'Sparky' and its new stars give clues to how massive galaxies evolve

Astronomers have discovered a budding galactic nucleus, which is undergoing a ferocious rate of star formation. It is providing researchers with their first glimpse at a key step in the galaxy-formation process.

By , Staff writer

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    This illustration reveals the celestial fireworks inside the crowded core of a developing galaxy, as seen from a hypothetical planetary system.
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For the first time, a team of astronomers has spotted a galaxy actively building its dense central bulge, the foundation for the galaxy's continued growth. 

The discovery fills a crucial gap in observations that are helping researchers build a cradle-to-grave sequence of the evolution of massive galaxies. 

"We've seen a lot of the other stages and processes in action that are important for galaxy formation," says Erica Nelson, the lead author of a paper published Thursday in the journal Nature and reporting the find. "But we haven't seen this core-formation phase."

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"It's really exciting to find one of these," she says. "We've been searching for so many years."

Even as a mere nucleus, this maturing galaxy, some 11 billion light-years away, is no slacker. Its mass in stars alone is 100 billion times the mass of the sun. The stellar mass of the entire Milky Way is about 60 billion solar masses, according to one recent estimate. 

In essence, by roughly 3 billion years after the big bang, this nucleus had produced nearly twice as many stars as the Milky Way has during its 13 billion-plus-year history.

Moreover, the newfound galaxy is producing about 300 stars a year, compared with 10 stars a year forming in the Milky Way. This earned the object, formally known as GOODS-N-744, the nickname Sparky for its ferocious pace of star birth.

The discovery is the result of a dedicated attempt to catch galactic cores in the act of forming, says Ms. Nelson, a doctoral candidate in astronomy at Yale University in New Haven, Conn. 

It's a daunting task. These objects are so distant that they are very faint from the outset. Such galaxies tend to be shrouded in dust and gas, drawing a veil across star-forming regions. The very expansion of the universe, as well as the shroud of dust, drives the faint light from the stars deep into near-infrared and infrared wavelengths, making them tough to detect from the ground. 

In Sparky's case, the nucleus was missing a cosmos-crossing beacon common to galaxies at this early epoch undergoing a frenzy of star formation: intense radiation from the supermassive black hole presumed to be at its center. The copious amounts of dust and gas that form stars also feed the black hole. 

The researchers suspect that the supermassive black hole was in a quiescent state, which turned out to be a boon for their observations. By catching the black hole nibbling rather than gorging, they could be sure that the spectral evidence they were gathering came from the stars and gas in the nucleus and not from the overpowering effect of emissions from the black hole.

A bit of serendipity was involved as well. The research team notes that since so few of these objects have been spotted at such distances, their shrouds of dust and gas must be thwarting detection. But Sparky apparently had a thin spot in its cloak oriented in just the right direction to allow the team to spot it.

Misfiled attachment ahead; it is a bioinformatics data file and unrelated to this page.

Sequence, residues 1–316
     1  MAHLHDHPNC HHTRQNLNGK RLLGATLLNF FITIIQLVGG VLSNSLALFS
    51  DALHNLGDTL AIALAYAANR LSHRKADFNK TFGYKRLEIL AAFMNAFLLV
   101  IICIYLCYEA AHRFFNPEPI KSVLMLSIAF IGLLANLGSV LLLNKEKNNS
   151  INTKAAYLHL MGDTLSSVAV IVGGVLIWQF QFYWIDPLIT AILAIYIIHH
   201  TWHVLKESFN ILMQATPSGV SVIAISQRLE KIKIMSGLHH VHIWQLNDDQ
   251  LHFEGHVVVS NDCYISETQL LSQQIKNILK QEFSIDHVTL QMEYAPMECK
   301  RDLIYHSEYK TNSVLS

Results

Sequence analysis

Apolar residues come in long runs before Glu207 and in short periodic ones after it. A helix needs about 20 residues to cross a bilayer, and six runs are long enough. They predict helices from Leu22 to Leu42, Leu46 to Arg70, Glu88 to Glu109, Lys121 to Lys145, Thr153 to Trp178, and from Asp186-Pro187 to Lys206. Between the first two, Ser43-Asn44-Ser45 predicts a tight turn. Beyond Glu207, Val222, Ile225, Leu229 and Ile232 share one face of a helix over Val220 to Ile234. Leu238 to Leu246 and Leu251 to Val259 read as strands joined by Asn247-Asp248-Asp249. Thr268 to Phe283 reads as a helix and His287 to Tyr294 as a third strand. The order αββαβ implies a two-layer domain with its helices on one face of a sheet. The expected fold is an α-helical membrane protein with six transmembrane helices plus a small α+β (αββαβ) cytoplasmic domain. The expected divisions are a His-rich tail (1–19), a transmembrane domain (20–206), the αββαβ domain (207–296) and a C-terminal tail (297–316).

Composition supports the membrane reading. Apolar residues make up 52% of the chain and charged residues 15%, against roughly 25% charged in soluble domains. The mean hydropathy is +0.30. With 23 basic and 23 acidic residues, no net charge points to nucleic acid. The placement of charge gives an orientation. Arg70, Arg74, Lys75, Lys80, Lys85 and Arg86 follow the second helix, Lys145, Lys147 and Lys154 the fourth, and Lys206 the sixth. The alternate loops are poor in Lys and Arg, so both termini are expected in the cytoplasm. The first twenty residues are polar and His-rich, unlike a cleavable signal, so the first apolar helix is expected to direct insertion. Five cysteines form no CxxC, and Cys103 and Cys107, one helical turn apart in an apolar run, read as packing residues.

"It's impressive work, and it's quite timely," says Jonathan Trump, a researcher who specializes in studying active galactic cores and galaxy evolution at Pennsylvania State University in University Park, Pa.

Dr. Trump and colleagues recently wrapped up observations of 13 compact star-forming galaxies at distances that give them ages of about 1 billion years older than Sparky. They appeared to be more highly evolved versions of Sparky, heading down a road that would lead to a shut-off in star formation.

The inactivity of the black hole at Sparky's center is intriguing, Trump says. Typically, when star formation increases in a galaxy like Sparky, so does the radiation emitted by its supermassive black hole. 

Nelson and colleagues relied on data from the Chandra, Hubble, Herschel, and Spitzer Space Telescopes, as well from the ground-based Sloan Digital Sky Survey and the Keck Observatory in Hawaii.

Assuming that Sparky's star formation took place at a constant pace, the team estimated that its mass would have accumulated over a period of about 1 billion years. That is short compared with the age of the universe at that point, but it's too long compared with some theoretical predictions. The oddity implies that Sparky went through its fastest pace of star formation much earlier in its history or that it recently drew a fresh batch of intergalactic gas into its halo, a reservoir from which it drew to make more stars.

Encounters with intergalactic gas clouds would have more common back then, since the universe was far more compact, Nelson suggests.

As for Sparky's future? 

"At some point, star formation will shut off," she says. "At that point it will be a very massive, very compact dead galaxy."

It will continue to grow, however, either through shorter, less intense spurts of star formation or by cannibalizing lower-mass galaxies that it encounters.  

In the local universe, such galaxies have evolved to take the form of enormous elliptical galaxies "with very little ongoing star formation – big, red, and dead," she says.

The next step is to find more of these and study them – a task that NASA's James Webb Space Telescope, with its ability to see deep into infrared wavelengths, should make easier, assuming a successful launch and deployment. Launch currently is envisioned for October 2018.

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